Thursday, July 23, 2009

Resurrecting the Short Story

I know, the titles is a tad hyperbolic, but I've been thinking a lot about this issue lately, and I'll probably be posting on it more and more as time goes on.

As you know, markets for short stories have been shrinking drastically in recent years. Science Fiction and Fantasy have been hard hit, and a number of great magazines have disappeared in the past two decades. While a few online 'zines have popped up, nothing seemed to really halt this overall decline. Literary fiction has had and even rougher time, with few literary fiction magazines able to survive without government funding, or private donations, and even then having a rough time making a go of it.

If you wanted to start up your own magazine, off the bat, you're jumping into a market that is seen as not only dying, but perhaps long dead. It's a grim scenario, for sure, but in recent years a teeny, tiny bright light has appeared.

This bright light comes in the form of "audio magazines?" You see, I don't often have time to "read" short stories, but I do "listen" to them. Every day I listen to podcasts like EscapePod, which is a science fiction audio magazine that has already produced over 200 episodes. In fact, the creators of this podcast were so successful that they have branched out into other genres, with PodCastle (Fantasy) and PseudoPod (Horror). They actually pay their writers ($100 a story) and have built up a listener base in the tens of thousands. In fact, because of the size of their listener base, other writers, publishers, and even musicians often pay them to "sponsor" an episode, which allows these programs to run at a slight profit.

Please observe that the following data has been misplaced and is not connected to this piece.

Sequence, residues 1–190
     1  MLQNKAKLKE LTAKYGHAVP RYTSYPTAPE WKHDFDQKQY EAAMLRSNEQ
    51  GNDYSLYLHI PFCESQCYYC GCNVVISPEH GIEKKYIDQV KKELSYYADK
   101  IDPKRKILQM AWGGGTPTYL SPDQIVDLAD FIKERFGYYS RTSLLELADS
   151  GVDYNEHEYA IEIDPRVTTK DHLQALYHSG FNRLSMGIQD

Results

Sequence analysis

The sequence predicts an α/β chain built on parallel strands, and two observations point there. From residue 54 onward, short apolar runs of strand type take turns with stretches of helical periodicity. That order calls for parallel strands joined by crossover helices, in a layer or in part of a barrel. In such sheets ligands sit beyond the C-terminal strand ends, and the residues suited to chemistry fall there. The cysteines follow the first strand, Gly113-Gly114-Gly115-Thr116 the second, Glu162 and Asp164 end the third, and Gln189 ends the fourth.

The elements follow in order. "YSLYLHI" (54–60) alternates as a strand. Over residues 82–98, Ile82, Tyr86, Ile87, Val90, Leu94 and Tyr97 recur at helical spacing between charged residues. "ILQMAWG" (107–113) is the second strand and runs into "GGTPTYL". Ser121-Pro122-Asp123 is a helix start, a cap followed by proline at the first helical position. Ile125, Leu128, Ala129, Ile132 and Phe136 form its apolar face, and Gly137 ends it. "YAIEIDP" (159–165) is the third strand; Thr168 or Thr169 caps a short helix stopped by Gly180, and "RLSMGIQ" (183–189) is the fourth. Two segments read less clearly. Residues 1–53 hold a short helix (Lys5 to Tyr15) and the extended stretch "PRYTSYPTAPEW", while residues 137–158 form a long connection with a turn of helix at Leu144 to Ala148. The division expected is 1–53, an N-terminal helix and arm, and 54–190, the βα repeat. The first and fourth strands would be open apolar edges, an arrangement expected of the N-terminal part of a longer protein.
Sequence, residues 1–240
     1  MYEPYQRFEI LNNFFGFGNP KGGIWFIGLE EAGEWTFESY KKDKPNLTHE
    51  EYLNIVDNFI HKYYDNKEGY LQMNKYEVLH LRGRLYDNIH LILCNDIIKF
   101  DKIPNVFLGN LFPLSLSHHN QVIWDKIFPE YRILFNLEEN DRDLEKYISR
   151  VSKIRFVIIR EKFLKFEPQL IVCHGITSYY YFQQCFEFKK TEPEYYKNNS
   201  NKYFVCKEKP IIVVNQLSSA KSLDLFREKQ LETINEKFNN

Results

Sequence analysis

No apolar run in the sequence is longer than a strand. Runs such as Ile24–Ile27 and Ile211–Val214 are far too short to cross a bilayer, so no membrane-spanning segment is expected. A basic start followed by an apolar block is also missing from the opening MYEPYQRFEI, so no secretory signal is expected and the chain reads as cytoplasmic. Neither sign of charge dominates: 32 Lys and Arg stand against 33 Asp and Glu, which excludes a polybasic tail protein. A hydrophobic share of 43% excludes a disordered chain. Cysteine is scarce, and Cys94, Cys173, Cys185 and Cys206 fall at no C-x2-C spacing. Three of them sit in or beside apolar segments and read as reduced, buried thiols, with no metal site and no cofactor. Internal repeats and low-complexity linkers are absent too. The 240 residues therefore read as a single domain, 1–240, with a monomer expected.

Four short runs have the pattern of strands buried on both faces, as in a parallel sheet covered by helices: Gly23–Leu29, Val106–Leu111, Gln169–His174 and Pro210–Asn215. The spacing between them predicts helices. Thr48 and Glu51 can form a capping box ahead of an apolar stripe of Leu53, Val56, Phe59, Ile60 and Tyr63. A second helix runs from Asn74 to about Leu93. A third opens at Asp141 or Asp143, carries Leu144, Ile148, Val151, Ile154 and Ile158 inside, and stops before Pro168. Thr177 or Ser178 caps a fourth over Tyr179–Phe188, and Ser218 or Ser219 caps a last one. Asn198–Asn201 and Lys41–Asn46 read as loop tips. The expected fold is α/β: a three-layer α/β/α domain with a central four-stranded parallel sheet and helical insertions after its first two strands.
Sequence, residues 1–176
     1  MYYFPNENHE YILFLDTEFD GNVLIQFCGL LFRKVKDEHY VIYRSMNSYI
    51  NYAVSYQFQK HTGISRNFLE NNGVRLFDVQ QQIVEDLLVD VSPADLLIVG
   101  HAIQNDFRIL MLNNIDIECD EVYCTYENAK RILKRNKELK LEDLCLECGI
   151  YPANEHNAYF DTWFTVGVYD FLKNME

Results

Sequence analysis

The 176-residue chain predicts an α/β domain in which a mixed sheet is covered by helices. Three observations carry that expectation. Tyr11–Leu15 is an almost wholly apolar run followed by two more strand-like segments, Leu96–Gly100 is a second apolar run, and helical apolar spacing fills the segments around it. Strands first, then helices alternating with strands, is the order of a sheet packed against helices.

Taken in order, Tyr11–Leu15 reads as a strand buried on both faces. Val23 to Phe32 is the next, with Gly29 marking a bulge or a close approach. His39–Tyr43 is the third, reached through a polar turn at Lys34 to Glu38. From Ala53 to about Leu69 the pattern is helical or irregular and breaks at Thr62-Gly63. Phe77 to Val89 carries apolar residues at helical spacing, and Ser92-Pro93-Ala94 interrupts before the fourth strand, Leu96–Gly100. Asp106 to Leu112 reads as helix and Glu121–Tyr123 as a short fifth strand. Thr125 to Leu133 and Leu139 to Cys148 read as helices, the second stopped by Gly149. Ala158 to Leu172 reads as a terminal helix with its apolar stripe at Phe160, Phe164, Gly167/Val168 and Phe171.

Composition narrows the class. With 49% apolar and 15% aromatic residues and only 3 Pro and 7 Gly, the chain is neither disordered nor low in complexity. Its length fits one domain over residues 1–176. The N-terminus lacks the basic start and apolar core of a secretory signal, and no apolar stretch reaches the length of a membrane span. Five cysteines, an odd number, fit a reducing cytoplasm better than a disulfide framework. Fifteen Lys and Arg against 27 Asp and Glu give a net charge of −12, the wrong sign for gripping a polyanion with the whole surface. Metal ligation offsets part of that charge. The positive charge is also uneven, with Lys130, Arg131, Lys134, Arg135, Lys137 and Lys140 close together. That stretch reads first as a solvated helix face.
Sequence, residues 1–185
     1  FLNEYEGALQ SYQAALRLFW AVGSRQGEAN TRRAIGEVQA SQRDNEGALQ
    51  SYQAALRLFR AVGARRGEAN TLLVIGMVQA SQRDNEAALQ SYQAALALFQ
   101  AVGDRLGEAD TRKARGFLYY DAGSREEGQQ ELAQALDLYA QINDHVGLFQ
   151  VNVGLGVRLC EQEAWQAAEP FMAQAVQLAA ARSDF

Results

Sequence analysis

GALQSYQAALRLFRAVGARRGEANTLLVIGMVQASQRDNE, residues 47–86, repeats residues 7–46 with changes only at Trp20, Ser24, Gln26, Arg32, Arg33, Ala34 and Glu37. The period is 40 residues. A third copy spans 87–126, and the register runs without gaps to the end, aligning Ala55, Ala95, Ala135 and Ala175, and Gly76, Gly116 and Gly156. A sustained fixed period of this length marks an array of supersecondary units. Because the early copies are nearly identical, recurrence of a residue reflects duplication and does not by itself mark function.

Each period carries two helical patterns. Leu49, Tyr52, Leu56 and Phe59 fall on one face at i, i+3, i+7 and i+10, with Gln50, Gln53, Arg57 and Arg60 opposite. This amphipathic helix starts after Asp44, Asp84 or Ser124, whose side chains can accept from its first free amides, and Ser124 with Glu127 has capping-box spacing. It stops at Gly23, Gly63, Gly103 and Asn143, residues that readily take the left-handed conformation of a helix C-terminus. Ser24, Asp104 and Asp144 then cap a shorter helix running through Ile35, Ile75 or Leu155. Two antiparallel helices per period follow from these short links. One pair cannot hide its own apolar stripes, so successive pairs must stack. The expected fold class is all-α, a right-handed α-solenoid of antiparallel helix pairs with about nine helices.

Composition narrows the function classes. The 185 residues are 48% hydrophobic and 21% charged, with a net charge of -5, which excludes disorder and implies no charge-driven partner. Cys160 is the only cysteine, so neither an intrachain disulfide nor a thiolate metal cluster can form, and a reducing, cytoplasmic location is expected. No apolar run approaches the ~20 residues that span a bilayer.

There are other audio magazines like EscapePod, but as far as I know, thus far there is no CanLit version. Being Canadian, this could represent a market opportunity, even if it is a tiny one.

Along side the the print material, the can be stories recorded as podcasts. You can put them up on iTunes, offer them for free, and post them on the website alongside the source material. You can even do the same thing with the reviews of short story collections. If you can build up an audience, even a modest one, after a year or so your initiative might be eligible (in Canada, at least) for Canada Council funding. Based on the size of the listenership, you might even be able to hit up the publishing companies for a few bucks.

I know it is not about the money, but this way you could actually pay your writers for their work, which would be something to boast about, considering the state of the CanLit short story market. And even if that didn't come to pass, you'd still be doing something needful, and filling a currently unfilled niche.

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